Later we did some more bits in the garden. Planted lots more of the plants that we'd grown from seed, or relocated from Coven Sud. Just because the single storey bit of the house is a building site, the double storey bit is full of the single storey's bits, such that it resembles a bomb site (that is, an atomic bomb site), and the veg garden is ful of weeds and encroaching grass, doesn't mean that the flower garden has to be anything other than Open Gardens standard :)

Five more days of torture start tomorrow morning...

 

Friday, June 25, 2021

Building Day 5

Two apprentices here on their own, on a Friday. That was bound to be start at 8.45am, finish at 2.20pm, three quarters of an hour for morning 'break' (should have been 15 minutes), and a request to borrow an 'i-phone charger' cable at 10am. "No i-crap here mate!" Said Mr BW (actually, he didn't, he asked me and I remembered that, luckily for them, we had a multi-charger corporate gift item in the car).

2 more teas and 2 more coffees dispensed. How do people manage to keep on top of counting things over the longer term? My abacus is full already and we're only at the end of Week 1.

Weather? Grey and cold. Unimpressive.

What did they do? A tiny bit more plaster off the walls and a tiny bit more old concrete floor up. Mr BW said he'd tell Chief Builder. I suggested he didn't. But I did sigh.

What did I do? Sleep. Noise is very tiring. That and preparing for 'building starting' and 'uncertain future'.

What did Mr BW do? Lots of outdoor jobs. No idea what, but things happened.

 

Thursday, June 24, 2021

Building Day 4

Weather: grey and cool first thing, sunny and warm (low 20s) this afternoon, rain this evening. The first for many many weeks. Seems to have stopped already, mind... but more for tomorrow, hopefully.

Accomplished by builders: some, but not enough, noise. The old wall between the garage and the 'store room' disappeared. But the floor in the old 'store room' is apparently too hard for their tools, so they've got to 'square it off and then dig it out' tomorrow. We're being assigned the year before last's apprentice and this year's apprentice for that. The Bosses are going to be elsewhere. We will keep the young lads' noses to the grindstone floor. Not as much as we expected in the 30 cubic metre RORO concrete skip by the time they left this afternoon. I'm really amazed by how the 300+ year old stone walls of the house absorb noise when they are inside and we are outside.

Accomplished by us: Mr BW put in the stakes for the new dahlia bed, and I beautified and he planted out the bright colour dahlias we've grown on in the greenhouse for that bed, and the maroons and whites for the long hedge border, and the ricinus for that border. Still have the pinks, magentas and purples for the new top border to plant, hopefully tomorrow.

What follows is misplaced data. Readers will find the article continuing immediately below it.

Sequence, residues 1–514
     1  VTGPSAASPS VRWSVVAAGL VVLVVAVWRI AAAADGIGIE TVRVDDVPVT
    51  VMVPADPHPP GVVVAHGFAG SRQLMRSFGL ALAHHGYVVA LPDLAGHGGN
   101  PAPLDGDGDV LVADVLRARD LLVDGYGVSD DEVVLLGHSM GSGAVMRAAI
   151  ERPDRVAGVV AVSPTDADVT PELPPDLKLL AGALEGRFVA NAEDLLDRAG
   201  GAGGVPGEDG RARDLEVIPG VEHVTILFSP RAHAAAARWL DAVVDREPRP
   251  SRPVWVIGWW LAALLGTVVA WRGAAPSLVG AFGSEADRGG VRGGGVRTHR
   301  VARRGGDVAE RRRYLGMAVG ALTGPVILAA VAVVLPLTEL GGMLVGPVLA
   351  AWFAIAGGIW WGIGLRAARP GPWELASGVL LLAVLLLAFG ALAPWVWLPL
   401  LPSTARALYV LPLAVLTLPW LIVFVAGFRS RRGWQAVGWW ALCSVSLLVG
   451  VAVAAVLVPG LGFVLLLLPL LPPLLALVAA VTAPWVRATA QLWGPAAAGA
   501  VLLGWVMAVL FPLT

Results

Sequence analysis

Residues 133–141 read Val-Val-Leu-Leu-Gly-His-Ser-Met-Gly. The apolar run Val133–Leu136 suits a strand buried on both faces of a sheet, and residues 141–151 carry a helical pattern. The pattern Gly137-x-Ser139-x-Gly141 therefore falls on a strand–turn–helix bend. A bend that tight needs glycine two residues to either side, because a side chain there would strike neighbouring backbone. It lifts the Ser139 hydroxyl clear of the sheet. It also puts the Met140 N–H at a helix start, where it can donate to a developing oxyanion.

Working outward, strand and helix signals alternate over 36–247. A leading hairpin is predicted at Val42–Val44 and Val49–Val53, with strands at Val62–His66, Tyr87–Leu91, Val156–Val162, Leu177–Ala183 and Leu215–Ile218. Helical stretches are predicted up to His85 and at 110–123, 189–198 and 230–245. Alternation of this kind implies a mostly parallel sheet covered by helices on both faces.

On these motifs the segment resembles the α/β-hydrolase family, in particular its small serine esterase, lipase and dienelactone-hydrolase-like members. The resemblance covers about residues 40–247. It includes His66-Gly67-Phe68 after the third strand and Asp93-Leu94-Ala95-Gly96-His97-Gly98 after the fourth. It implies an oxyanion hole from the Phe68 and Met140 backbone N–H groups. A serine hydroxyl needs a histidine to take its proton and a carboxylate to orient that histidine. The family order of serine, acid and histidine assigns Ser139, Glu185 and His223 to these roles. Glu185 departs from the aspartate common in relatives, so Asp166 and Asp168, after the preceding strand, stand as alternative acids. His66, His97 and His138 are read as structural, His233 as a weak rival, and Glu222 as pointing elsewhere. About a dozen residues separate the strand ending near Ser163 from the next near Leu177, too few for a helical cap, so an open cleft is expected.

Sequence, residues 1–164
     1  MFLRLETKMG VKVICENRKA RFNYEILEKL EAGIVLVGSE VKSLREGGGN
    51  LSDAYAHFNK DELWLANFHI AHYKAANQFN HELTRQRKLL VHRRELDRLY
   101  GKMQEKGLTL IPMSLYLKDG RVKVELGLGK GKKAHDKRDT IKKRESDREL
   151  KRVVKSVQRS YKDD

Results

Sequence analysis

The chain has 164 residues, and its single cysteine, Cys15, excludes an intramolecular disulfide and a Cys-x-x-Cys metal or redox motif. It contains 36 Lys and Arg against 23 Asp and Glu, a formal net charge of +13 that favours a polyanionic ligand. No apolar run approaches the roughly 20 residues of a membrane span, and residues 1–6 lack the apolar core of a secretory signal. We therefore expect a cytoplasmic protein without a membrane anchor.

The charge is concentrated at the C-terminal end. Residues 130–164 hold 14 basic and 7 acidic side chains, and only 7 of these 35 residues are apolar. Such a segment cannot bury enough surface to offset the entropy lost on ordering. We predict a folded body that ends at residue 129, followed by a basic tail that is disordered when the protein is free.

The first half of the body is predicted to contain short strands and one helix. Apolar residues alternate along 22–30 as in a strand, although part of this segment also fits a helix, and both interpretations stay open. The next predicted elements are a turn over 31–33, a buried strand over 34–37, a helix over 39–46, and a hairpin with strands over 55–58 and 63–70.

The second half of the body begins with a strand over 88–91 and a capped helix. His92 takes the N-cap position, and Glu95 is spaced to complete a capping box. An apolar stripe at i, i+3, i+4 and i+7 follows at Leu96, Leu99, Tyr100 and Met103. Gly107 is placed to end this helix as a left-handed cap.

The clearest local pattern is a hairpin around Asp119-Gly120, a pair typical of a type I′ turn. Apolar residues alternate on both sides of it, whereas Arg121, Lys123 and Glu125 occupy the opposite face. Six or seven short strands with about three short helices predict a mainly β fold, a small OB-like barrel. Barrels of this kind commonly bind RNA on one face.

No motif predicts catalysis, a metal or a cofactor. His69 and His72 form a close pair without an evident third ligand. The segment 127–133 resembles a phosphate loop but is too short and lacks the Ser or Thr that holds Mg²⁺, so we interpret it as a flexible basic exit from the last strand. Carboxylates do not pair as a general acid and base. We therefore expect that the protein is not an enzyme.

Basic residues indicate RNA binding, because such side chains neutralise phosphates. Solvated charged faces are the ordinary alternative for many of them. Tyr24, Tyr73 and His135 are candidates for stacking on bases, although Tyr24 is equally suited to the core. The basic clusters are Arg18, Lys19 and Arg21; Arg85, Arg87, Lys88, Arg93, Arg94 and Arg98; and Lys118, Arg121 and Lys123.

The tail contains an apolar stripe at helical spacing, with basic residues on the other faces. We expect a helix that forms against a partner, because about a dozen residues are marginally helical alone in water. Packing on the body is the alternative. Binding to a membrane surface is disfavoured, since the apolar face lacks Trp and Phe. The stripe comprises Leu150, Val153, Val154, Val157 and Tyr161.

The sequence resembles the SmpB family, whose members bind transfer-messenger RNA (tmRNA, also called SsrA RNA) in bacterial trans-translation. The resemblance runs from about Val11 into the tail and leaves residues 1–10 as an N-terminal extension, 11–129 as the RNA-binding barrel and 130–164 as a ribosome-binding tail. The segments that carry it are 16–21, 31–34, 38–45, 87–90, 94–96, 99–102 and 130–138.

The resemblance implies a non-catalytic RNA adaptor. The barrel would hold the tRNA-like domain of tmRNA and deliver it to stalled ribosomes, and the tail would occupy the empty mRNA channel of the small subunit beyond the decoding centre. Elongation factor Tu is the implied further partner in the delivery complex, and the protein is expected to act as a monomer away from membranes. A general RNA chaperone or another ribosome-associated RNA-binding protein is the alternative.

Refreshment stats: Total Teas dispensed: 14; Total Coffees dispensed: 8. The young lads seem to prefer their caffeine from coke.

Sorry, still haven't managed the pictures. I will catch up and get them inserted. I blame Microsoft's updates for taking up the spare space on my little netbook with failed update files that refuse to delete, so I haven't enough space to download photos and process them for publishing. That requires me being at the desktop, which requires me being vertical, which isn't possible after 6pm currently.

 

Wednesday, June 23, 2021

Building Day 3

Weather: cold, grey and decidedly autumnal. Sun didn't appear all day.

Accomplished by builders: noise, noise, and more noise. About an hour after they arrived, The Very New Apprentice was sent to fetch Mr BW: "Erm a capping end has come off the pipe where the radiator was, can you turn off the water urgently?" Erm yes, he could, but it wouldn't make any difference, they are separate systems. Luckily lessons learnt from Errant Plumber's erring (*shudders at the nightmare memory*) enabled Mr BW to quickly fix the problem. That's three times in three days that he's saved their bacon now.

Small skip delivered early on (and filled with 8 cubic metres of plaster off the walls), gigantic RORO skip delivered (takes concrete only which is then crushed and sold back for building as 'Type 1'), and portaloo delivered (do you know, they are currently on a 5 week lead time?!) and placed outwith the boundaries, but in full view/smell from the top garden where I am currently working. No, I didn't think so either, so they picked it up and moved it, "Nae bother!" The stone of the inner walls under the plaster is beautiful. If only there were a way to insulate the walls without covering the stone up.